Our monthly check-in with staff from around the world. Learn more about the people who work at CHAI.
Please tell us a bit about your background and what brought you to CHAI.
My name is Fan Sun and I joined CHAI in September 2022 as an Associate on the CHAI China country team. I am currently based in Hainan—the southernmost province in China and the smallest province in the country in terms of land area. I studied French literature and sociology at Renmin University of China and started my professional career at the life sciences consulting company, Kantar Health, after completing a master’s degree at the French business school, ESCP. While at Kantar, I had the opportunity to work on some market access projects that sparked my interest in health policy. So, I did a joint master’s program at the London School of Economics and the London School of Hygiene and Tropical Medicine where I got the opportunity to learn more about CHAI as an organization, and I realized that here, I can combine my interest in health policy with my experience in the private sector and deal with more interesting problems in global health. And it’s really the best decision I have ever made for my career!
1. What does a typical day at CHAI look like for you?
I am currently supporting in two areas—engaging Chinese suppliers to improve access to global health commodities such as diagnostic equipment; and helping to strengthen pediatric cancer diagnostic capacity in Hainan province. The first one is more analytical and involves data analysis, developing models, and advocating for the development of new market shaping opportunities. The latter is more implementation-driven, and what I most like about it is that I have a desk at Hainan Children’s Hospital and share the workspace with doctors and hospital staff; so, I get hands-on experience with helping frontline staff solve urgent problems in real-time.
2. What’s the best thing about your job?
The nature of my work provides a very good combination of analysis and implementation work. I have been able to interact with different stakeholders such as donors, health authorities, health commodity suppliers, hospital managers, and doctors. The experience brings me different perspectives and helps me develop a comprehensive understanding of global health. In addition, moving to Hainan, a culturally very remote and exotic region compared to Beijing or Shanghai where I have lived so far, is very stimulating. The experience has allowed me to explore my home country from a new perspective, which has been very invaluable.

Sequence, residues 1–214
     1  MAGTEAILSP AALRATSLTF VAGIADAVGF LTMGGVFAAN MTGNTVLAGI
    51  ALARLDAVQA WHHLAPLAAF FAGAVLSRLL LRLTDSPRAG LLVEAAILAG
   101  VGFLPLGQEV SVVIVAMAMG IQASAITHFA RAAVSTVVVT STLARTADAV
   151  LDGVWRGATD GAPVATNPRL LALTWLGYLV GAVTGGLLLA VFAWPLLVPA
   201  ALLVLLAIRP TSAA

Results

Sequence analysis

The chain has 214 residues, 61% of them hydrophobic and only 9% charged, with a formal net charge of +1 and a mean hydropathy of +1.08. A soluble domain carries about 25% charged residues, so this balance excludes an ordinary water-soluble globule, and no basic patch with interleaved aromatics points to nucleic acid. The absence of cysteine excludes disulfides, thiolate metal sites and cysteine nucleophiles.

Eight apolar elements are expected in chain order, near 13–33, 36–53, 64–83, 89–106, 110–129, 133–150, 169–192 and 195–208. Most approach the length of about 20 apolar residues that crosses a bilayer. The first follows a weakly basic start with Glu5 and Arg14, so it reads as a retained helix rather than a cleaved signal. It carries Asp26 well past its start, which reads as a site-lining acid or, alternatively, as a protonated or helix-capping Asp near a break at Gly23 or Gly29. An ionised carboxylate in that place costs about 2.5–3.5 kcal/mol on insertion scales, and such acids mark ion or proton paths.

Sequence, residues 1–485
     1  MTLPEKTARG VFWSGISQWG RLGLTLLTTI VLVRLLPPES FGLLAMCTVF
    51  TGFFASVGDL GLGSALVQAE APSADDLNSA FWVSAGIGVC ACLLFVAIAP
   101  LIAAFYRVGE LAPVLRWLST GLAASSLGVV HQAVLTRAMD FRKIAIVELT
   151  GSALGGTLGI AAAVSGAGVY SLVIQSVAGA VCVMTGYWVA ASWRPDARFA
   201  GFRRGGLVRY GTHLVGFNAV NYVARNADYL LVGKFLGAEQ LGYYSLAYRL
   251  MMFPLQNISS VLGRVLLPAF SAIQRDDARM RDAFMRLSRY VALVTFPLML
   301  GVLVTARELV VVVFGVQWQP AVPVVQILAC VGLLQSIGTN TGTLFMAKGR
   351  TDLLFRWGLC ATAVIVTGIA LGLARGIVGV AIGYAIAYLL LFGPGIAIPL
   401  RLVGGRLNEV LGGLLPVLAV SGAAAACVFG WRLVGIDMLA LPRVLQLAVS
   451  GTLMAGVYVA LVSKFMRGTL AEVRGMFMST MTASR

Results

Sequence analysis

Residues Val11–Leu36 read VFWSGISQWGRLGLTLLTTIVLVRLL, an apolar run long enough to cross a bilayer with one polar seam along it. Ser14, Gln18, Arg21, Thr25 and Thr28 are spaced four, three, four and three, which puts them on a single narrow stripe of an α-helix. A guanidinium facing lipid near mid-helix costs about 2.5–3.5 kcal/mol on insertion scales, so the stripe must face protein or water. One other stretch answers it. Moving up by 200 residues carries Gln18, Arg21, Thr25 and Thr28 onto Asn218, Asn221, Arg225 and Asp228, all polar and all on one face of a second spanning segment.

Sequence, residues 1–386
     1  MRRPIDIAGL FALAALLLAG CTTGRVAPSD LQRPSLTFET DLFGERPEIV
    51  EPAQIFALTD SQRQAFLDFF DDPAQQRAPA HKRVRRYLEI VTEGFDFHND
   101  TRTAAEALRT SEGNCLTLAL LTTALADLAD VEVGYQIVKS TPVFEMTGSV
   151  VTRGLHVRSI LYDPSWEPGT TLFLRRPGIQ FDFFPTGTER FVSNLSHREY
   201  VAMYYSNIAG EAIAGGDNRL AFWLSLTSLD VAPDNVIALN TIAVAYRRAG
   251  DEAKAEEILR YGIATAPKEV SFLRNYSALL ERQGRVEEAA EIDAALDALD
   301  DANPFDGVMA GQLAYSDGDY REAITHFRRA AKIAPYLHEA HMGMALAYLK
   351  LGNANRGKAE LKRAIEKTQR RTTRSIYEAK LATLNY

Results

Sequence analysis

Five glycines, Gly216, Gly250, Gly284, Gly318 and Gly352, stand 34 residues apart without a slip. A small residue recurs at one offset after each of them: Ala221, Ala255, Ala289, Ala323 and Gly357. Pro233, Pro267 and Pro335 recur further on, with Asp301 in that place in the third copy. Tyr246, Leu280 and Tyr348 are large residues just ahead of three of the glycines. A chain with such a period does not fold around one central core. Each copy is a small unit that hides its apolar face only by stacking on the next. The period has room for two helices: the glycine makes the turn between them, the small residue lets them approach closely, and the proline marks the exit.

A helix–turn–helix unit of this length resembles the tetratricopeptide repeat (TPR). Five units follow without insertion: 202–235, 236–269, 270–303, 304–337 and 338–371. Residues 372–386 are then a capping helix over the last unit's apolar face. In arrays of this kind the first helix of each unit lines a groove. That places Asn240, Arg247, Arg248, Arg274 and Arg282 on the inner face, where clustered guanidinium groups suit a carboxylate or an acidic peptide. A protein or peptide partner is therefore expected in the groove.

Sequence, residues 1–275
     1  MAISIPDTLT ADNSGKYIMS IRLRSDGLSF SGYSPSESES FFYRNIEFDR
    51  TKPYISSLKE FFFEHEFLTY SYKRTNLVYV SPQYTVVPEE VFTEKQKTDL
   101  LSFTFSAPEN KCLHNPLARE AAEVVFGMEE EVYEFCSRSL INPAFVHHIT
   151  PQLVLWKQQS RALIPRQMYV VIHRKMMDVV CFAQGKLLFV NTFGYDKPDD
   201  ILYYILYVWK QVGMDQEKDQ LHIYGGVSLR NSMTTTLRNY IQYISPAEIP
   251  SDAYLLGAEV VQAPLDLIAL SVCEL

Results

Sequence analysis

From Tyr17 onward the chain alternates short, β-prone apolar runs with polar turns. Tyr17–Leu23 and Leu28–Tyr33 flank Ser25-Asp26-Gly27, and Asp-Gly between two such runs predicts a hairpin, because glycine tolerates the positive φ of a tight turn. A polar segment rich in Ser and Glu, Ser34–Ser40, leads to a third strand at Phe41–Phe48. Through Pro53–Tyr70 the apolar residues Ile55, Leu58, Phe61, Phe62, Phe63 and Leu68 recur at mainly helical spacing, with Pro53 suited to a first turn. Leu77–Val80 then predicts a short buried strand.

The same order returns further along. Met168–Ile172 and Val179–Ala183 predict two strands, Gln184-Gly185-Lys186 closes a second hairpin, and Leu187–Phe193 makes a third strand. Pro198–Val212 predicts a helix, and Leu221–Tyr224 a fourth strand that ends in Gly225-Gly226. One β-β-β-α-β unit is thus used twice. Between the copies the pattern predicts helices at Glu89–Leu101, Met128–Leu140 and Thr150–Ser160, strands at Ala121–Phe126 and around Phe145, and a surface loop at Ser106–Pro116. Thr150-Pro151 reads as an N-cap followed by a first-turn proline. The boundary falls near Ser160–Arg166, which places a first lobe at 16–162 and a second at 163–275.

3. What is a motto you live by?
“What do we live for, if it is not to make life less difficult for each other.”
This motto gives me enormous motivation, energy, and happiness both at work and in my private life.
4. What is your proudest accomplishment at work or in life?
I signed up for a “charity event” that required me to complete a seven-day trek from Cusco to the top of Machu Picchu, Peru to raise money for UNICEF. The trek began in Cusco, the former capital of the Inca Empire, and took us through remote Andean communities, lush forests, and high mountain passes, all the while carrying all our luggage and tents on our backs. The trail was physically demanding with steep climbs and rocky terrain; I suffered from altitude sickness, but the rewards were abundant, including teaming up with 30 people from all over the world to explore a new culture together. It made me realize that having the opportunity to interact with people from all walks of life makes you become more empathetic, compassionate, and accepting of others.
5. If you could chose to do anything for a day, what would it be?
I am going to wander the streets of Paris, preferably the 5th and 6th arrondissement, capture every scene I encounter, and then create a documentary about that special day so I can remember it for the rest of my life. (Yes! I love Paris that much!)